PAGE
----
22 Phenomenological Faculties: 1 definition

Introduction

22 Phenomenological Faculties means something in Buddhism, Pali. If you want to know the exact meaning, history, etymology or English translation of this term then check out the descriptions on this page. Add your comment or reference to a book if you want to contribute to this summary article.

In Buddhism

General definition (in Buddhism)

[(2) next»] — 22 Phenomenological Faculties in Buddhism glossary
Source: WikiPedia: Buddhism

In the Abhidhamma Pitaka, the notion of indriya is expanded to the twenty two “phenomenological faculties” or “controlling powers” (Pali: bavisati indriyani) which are:

Six sensory faculties:

  1. eye/vision faculty (cakkh undriya)
  2. ear/hearing faculty (sot indriya)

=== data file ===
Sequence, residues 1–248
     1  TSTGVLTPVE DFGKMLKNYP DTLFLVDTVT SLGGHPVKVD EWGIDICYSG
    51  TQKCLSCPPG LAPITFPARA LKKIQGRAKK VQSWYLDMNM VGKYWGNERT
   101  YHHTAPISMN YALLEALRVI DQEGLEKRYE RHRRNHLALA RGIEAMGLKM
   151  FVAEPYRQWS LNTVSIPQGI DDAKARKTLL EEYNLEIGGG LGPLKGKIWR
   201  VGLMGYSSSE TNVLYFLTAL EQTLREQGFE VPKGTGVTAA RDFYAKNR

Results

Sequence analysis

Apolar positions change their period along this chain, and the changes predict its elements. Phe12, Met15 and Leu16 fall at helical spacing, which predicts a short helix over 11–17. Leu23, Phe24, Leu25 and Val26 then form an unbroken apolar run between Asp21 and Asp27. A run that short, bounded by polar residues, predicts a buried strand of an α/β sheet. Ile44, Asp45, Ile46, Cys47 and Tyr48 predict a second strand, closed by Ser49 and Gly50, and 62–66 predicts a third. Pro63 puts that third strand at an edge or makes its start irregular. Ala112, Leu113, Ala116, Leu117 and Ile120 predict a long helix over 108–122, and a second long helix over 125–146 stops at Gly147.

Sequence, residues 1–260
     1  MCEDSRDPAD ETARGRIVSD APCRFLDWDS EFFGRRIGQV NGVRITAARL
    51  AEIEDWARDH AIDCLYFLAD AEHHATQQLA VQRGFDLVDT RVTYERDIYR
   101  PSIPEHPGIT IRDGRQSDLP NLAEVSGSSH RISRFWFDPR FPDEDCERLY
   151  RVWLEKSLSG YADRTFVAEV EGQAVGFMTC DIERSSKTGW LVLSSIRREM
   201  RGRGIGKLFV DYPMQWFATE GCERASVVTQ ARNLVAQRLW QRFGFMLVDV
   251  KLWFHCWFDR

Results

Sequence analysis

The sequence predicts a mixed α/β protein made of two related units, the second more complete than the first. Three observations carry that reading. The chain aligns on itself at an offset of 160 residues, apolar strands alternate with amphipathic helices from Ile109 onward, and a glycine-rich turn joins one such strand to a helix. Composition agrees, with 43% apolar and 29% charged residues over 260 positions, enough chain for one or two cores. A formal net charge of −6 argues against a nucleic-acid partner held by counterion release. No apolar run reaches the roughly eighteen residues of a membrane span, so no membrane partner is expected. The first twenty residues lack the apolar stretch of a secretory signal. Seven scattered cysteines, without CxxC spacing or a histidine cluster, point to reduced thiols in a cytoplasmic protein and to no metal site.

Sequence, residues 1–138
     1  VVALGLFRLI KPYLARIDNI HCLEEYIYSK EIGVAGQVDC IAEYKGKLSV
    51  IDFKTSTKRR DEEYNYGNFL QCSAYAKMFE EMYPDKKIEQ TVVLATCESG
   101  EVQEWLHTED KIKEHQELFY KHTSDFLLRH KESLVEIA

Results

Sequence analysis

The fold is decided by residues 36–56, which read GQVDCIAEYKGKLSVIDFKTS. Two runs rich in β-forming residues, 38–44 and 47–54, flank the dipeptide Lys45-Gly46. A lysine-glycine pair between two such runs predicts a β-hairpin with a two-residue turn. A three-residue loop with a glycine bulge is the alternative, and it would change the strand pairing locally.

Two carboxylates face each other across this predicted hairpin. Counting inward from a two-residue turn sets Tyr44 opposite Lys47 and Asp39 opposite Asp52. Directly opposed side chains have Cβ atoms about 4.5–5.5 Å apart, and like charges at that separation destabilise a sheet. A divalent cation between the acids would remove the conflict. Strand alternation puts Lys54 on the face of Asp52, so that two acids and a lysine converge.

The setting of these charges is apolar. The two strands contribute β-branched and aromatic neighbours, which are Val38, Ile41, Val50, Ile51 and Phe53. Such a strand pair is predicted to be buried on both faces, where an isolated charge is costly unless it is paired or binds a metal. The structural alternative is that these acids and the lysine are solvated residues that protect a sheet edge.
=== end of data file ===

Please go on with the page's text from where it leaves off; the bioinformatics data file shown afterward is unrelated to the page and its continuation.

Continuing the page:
3. nose/smell faculty (ghan indriya)
  4. tongue/taste faculty (jivh indriya)
  5. body/sensibility faculty (kay indriya)
  6. mind faculty (man indriya)

Three physical faculties:

  1. femininity (itth indriya)
  2. masculinity (puris indriya)
  3. life or vitality (jivit indriya)

Five feeling faculties:

  1. physical pleasure (sukh indriya)
  2. physical pain (dukkh indriya)
  3. mental joy (somanasa indriya)
  4. mental grief (domanass indriya)
  5. indifference (upekh indriya)

Five spiritual faculties:

  1. faith (saddh indriya)
  2. energy (viriy indriya)
  3. mindfulness (sat indriya)
  4. concentration (samadhi indriya)
  5. wisdom (pann indriya)

Three final knowledge faculties:

  1. thinking “I shall know the unknown” (anannata nassamit indriya)
  2. gnosis (ann indriya)
  3. one who knows (annata vindriya)

According to the post canonical Visuddhimagga, the 22 faculties along with such constructs as the aggregates, sense bases, Four Noble Truths and Dependent Origination are the “soil” of wisdom (panna).

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